Jump to section
Famotidine treats stomach ulcers and other gastrointestinal diseases involving excess stomach acid. Famotidine is an antihistamine that suppresses stomach acid by binding to the membrane proteins that stimulate acid secretion. Below, we’ve covered dosage recommendations, efficacy, and some frequently asked questions about famotidine for dogs.
The standard recommended dosage is between 0.25 mg and 0.5 mg per lb once every 12 or 24 hours, respectively. These are general guidelines and not a substitute for veterinary advice. If you have questions about famotidine, chat live with a vet now.
Famotidine is available in tablet and liquid form. Hospitalized pets may be given famotidine via injection. Some dogs don’t like the taste of famotidine. Although famotidine works best on an empty stomach, it can also be given with food or a treat if your dog vomits or refuses to take it.
Famotidine is one of the most effective drugs of its class for controlling stomach acid secretion. Although this medication starts working within 2 hours, you may not notice any changes in your dog’s behavior or appetite. If you’re concerned that the medication isn’t working, consult your vet. They can run tests to confirm the drug’s efficacy.
Gastric acid suppressants like famotidine are commonly prescribed to dogs with liver disease. The dose is typically decreased for these patients, as these conditions increase drug sensitivity. However, some veterinarians question the efficacy of famotidine for dogs with liver disease and kidney disease.
While liver disease increases a dog’s chances of developing stomach ulcers, a variety of factors cause ulceration. This makes it difficult to determine the efficacy of famotidine and other acid suppressants in dogs with liver disease. Additionally, kidney disease rarely causes symptoms associated with excess stomach acid secretion, like the development of stomach ulcers and the erosion of the stomach lining.
For these reasons, famotidine must be prescribed and administered with caution to dogs with liver or kidney disease.
Famotidine is an antihistamine. It works by binding to H-2 receptors to suppress the secretion of stomach acid. This facilitates the healing of stomach ulcers and relieves symptoms of acid reflux.
Side effects are rare and typically mild. Possible side effects of famotidine include:
Lack of appetite
Slowed heart rate*
Low white blood cell count
*Associated with the injectable form of famotidine.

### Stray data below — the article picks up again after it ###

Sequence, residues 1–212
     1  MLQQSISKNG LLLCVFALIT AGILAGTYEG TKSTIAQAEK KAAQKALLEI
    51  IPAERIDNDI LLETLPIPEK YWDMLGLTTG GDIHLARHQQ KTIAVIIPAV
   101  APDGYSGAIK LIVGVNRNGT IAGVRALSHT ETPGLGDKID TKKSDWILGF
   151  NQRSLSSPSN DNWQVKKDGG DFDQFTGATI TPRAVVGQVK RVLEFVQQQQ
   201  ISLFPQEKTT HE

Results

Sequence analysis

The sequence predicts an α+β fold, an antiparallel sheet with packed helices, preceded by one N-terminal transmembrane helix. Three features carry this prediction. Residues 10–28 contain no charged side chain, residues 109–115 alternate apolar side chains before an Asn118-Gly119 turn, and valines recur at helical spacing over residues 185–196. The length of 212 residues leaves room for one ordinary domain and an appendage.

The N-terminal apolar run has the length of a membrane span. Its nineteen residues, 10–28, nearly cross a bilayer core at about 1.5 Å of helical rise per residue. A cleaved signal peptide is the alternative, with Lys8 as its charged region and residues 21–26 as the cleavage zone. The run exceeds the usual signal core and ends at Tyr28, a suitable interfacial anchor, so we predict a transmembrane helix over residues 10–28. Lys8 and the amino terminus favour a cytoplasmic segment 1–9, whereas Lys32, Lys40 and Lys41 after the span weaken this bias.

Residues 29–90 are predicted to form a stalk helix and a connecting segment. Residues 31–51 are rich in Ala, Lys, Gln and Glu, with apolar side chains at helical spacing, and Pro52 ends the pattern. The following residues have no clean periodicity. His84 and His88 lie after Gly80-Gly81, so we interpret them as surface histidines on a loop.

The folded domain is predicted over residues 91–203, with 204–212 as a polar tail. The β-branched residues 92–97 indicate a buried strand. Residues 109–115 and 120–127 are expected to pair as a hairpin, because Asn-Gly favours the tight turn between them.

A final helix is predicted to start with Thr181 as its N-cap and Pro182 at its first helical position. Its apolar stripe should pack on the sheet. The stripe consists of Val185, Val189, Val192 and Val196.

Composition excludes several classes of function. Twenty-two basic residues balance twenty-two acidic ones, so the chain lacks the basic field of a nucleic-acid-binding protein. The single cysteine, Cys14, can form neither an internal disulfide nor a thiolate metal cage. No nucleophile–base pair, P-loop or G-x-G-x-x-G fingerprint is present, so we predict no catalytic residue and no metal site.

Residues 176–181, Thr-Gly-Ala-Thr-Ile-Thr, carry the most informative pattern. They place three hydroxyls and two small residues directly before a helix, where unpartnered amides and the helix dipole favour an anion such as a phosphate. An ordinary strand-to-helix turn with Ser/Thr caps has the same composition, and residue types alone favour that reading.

Trace amounts of famotidine pass through the breast milk of lactating dogs. At the time of writing, no clinical studies have investigated famotidine’s effects on pregnant dogs.
Obtaining an official diagnosis before starting famotidine is imperative to rule out a more serious condition. Symptoms of stomach cancer are similar to symptoms of stomach ulcers. An early cancer diagnosis is key to ensuring the best possible prognosis.
Famotidine may interact with the following drugs by affecting the body’s ability to absorb them:
Heart medications (digoxin)
Other acid reflux medications (cisapride)
Certain antibiotics (cefpodoxime, cefuroxime)
Selective serotonin reuptake inhibitors (fluoxetine)
Azole antifungal medications (ketoconazole, fluconazole, etc.)
You may need to give these medications at least one hour before administering famotidine to ensure absorption. If your dog is taking any medications, including over-the-counter drugs and supplements, be sure to let your veterinarian know.
It is possible for dogs to be allergic to famotidine. Some dogs may also be sensitive to famotidine and similar H-2 receptor antagonists. If you notice any signs of an allergic reaction or other adverse effects, talk to your vet.
Famotidine is effective in alleviating nausea and chronic vomiting. Famotidine may also be prescribed to treat symptoms associated with the following conditions:
Stomach and intestinal ulcers
Ingestion of an ulcerating toxin
Inflammation or enlargement of the esophagus
Famotidine is available over-the-counter and as a prescription. However, before starting any medication, always seek an official diagnosis and guidance from your trusted veterinarian.
Give the dose when you remember, unless it’s nearly time for the next dose. In this case, skip the missed dose and return to your normal dosing schedule. Do not give double doses. Setting a reminder can help you remember to give your dog their medication on time.
No, liquid famotidine does not need to be refrigerated. Store it out of direct sunlight.
While overdose is rare, it can cause some serious side effects, such as:
Low blood pressure
Loss of coordination
Always administer medications according to recommended dosages and instructions. Keep medications out of your dog’s reach. If you suspect your dog has overdosed on famotidine, contact your emergency veterinarian immediately.
*Wag! may collect a share of sales or other compensation from the links on this page. Items are sold by the retailer, not Wag!.
Written by a lover Mel Lee-Smith
Veterinary reviewed by:
Published: 09/14/2020, edited: 09/14/2020
© 2020 Wag Labs, Inc. All rights reserved.
Download the Wag! app
Download the Wag! app